Youth Volunteer Corps
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Operations

The people, governance practices, and partners that make the organization tick.

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Connect with nonprofit leaders

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  • Analyze a variety of pre-calculated financial metrics
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  • Compare nonprofit financials to similar organizations

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Youth Volunteer Corps

Board of directors
as of 2/25/2020
SOURCE: Self-reported by organization
Board chair

Mrs. Cathi Duchon

YMCA

Term: 2019 - 2022

David Battey

President and Founder, Youth Volunteer Corps

Mark Tatum

Attorney at Shook, Hardy & Bacon

Melanie Tucker

Vice President-Finance at JE Dunn Construction Group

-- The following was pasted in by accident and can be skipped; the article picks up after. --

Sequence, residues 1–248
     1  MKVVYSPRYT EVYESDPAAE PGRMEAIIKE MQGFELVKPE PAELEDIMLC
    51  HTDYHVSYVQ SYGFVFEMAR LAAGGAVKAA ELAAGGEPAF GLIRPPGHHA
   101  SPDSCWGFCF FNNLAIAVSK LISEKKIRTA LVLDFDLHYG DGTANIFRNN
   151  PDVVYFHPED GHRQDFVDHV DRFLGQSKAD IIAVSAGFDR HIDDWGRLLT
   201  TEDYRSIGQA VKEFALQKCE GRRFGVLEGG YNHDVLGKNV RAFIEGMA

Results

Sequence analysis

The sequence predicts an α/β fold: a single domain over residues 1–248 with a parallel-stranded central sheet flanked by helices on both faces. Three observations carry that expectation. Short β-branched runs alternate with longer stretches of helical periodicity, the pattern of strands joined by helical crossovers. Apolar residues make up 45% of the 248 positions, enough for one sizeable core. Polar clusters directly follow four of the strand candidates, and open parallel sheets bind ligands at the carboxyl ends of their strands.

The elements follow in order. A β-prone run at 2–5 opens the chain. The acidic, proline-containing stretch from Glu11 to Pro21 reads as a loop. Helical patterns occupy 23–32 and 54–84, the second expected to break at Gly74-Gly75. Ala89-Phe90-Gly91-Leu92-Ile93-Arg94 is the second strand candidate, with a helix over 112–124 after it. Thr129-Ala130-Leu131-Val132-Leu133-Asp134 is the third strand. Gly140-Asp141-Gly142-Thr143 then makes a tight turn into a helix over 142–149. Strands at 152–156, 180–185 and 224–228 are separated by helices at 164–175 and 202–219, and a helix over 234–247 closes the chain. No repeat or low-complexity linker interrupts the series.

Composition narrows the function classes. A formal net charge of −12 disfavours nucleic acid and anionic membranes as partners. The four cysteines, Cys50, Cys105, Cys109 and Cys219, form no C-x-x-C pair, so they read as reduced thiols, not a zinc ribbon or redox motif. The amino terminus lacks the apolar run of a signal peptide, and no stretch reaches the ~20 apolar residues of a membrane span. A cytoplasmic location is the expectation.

Jim Hise

Merrill Lynch

Margi Pence

Community Volunteer

Cathi Duchon

President and CEO of Ann Arbor YMCA

Vicki Clark

Building the Capacity of Organizations

Stephanie O'Connell

Google

Tristen Caudle

Blue Cross Blue Shield

Penny Hume

Youth Central

Dante Diggs

Student

Board leadership practices

SOURCE: Self-reported by organization

GuideStar worked with BoardSource, the national leader in nonprofit board leadership and governance, to create this section.

  • Board orientation and education
    Does the board conduct a formal orientation for new board members and require all board members to sign a written agreement regarding their roles, responsibilities, and expectations? Yes
  • CEO oversight
    Has the board conducted a formal, written assessment of the chief executive within the past year ? Yes
  • Ethics and transparency
    Have the board and senior staff reviewed the conflict-of-interest policy and completed and signed disclosure statements in the past year? Yes
  • Board composition
    Does the board ensure an inclusive board member recruitment process that results in diversity of thought and leadership? Yes
  • Board performance
    Has the board conducted a formal, written self-assessment of its performance within the past three years? Yes

Keywords

youth, volunteer, service-learning, YVC, YVCA, youth volunteers, volunteering